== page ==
Religious or not, if you want to understand Serbian tradition and get a wider picture of historical events and reasonings, there is no way to avoid visiting Serbian monasteries. While practicing religion is reserved for mostly older generations (and younger during the most important Orthodox holidays), Serbs take great pride in cherishing their tradition and history, and centuries-old Serbian churches and monasteries are an inevitable part of it. Settled in the forests near Prijepolje, in the pure air and calming nature, Mileseva Monastery is one of those traditional cores of serenity in Serbia.
The monastery was built from 1218-1228, by King Vladislav, the son of Stefan the First-Crowned, the founder of older and much-praised Zica Monastery. The tradition had it for the kings and rulers to build impressive churches and monasteries as a gift to their people and a place where their soul could rest, once they close their eyes forever.
As the Ottoman Empire ruled over the area for more than 500 years, this monastery had a similar fate like its predecessors - it was often raided, attacked, and burnt. However, written sources suggest that even during the years of occupation, it remained habitable, practicing religion, and providing shelter to hopeless Serbian people. Mileseva Monastery was a sacred place for faith, a refuge for oppressed Serbs, and also a cultural and educational station, as it provided learning opportunity for ordinary people.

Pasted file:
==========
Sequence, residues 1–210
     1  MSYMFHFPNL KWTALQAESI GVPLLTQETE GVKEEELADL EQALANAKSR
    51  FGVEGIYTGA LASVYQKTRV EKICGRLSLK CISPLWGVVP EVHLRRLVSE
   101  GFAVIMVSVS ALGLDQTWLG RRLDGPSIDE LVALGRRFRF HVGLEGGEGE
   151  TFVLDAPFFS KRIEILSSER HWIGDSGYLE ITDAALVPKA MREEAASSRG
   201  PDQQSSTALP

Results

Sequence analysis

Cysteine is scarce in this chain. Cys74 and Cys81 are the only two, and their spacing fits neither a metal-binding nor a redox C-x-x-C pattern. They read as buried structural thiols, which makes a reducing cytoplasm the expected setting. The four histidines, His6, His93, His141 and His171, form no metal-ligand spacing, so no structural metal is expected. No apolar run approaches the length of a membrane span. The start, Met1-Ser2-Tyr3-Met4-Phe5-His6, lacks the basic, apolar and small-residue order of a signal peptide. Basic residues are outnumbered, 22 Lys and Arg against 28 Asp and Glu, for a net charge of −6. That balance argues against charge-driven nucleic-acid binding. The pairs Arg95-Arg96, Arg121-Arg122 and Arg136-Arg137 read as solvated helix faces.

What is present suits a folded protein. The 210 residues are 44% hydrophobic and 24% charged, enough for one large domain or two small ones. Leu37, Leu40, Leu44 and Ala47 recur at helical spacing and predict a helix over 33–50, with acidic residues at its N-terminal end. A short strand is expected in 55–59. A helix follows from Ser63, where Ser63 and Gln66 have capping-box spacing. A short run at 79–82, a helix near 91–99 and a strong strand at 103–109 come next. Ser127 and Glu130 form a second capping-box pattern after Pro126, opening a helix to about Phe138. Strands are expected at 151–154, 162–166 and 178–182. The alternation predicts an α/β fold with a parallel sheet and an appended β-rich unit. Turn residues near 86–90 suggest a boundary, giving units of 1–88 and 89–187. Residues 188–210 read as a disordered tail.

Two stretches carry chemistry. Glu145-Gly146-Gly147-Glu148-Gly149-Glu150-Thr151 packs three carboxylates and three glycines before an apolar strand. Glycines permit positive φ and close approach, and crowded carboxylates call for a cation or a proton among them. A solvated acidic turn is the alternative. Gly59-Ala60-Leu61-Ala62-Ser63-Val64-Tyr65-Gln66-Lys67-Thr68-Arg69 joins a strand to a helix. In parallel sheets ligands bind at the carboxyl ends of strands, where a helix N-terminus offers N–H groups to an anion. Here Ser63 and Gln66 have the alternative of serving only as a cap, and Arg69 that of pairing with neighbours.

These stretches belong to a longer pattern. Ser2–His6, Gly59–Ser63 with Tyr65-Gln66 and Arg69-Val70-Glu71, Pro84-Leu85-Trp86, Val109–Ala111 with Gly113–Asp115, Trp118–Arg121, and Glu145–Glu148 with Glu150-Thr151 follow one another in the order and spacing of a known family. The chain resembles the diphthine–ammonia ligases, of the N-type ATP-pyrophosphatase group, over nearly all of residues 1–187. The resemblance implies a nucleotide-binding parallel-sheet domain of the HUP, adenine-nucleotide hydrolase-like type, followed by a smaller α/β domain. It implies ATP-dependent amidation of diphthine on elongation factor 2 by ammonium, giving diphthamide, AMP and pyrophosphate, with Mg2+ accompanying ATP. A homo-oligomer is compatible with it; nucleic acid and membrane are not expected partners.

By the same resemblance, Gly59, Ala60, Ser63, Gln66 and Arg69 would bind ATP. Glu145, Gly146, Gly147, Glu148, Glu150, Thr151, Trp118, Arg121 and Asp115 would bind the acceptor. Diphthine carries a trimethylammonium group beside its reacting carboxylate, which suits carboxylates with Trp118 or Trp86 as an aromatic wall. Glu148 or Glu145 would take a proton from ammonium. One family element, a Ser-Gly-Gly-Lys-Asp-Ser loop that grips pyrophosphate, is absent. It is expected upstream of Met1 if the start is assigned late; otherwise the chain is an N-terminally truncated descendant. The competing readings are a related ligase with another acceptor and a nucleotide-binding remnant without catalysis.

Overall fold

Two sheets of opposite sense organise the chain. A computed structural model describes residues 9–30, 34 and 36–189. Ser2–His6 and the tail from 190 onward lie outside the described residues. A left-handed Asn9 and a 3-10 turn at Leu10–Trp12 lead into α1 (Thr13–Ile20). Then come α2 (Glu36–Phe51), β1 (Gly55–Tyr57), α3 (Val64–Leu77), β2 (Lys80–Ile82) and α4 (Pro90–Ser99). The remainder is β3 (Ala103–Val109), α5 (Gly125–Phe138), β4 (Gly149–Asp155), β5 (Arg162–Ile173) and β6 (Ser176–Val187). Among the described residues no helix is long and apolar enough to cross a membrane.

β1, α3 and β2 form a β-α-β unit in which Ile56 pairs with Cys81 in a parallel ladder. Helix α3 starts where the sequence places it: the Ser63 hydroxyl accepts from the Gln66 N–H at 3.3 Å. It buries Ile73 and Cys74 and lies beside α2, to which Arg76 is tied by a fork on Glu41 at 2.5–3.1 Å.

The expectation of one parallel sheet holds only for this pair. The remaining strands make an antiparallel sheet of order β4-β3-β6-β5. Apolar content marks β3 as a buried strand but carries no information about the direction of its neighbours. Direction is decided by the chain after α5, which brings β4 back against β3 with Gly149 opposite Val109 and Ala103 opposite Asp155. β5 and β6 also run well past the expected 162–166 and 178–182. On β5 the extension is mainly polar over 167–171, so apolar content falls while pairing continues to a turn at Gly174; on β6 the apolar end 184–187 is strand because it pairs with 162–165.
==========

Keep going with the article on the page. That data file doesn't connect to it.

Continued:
The frescoes decorating the eight-century-old walls of Mileseva Monastery became iconic representatives of Serbian medieval art. Even though highly influenced by Byzantine religious art, that didn't allow much space for innovation and experimenting. They capture the essence of Serbian values of the time. This is also the place where the trend of painting the portraits of Serbian royalty started, only to instill faith and pride in the generations of people who cherished the place in search of hope and haven.
The monastery safeguards a medieval artwork of international value - the White Angel fresco. The inspiring fresco got world recognition for its uniqueness and its peaceful message and got sent to space in hope to represent a human story to the potential extraterrestrial beings.
Curiously, one of the first printing offices in the country was established in Mileseva Monastery during the 16th century. This only testifies of the dedication of the religious people to preserve history and spread education and culture. Such an effort during the Ottoman rule required not only courage but also true patriotism and well-balanced system of values, stripped of hate and urge for revenge.
Once inside its cold stone walls, you can feel the peace and calmness spreading through Monastery Mileseva. The smell of incense and an occasional sound of clinging bells will only enhance the experience, reassuring you that this sacred place is truly a core of serenity in Serbia, even to this day.
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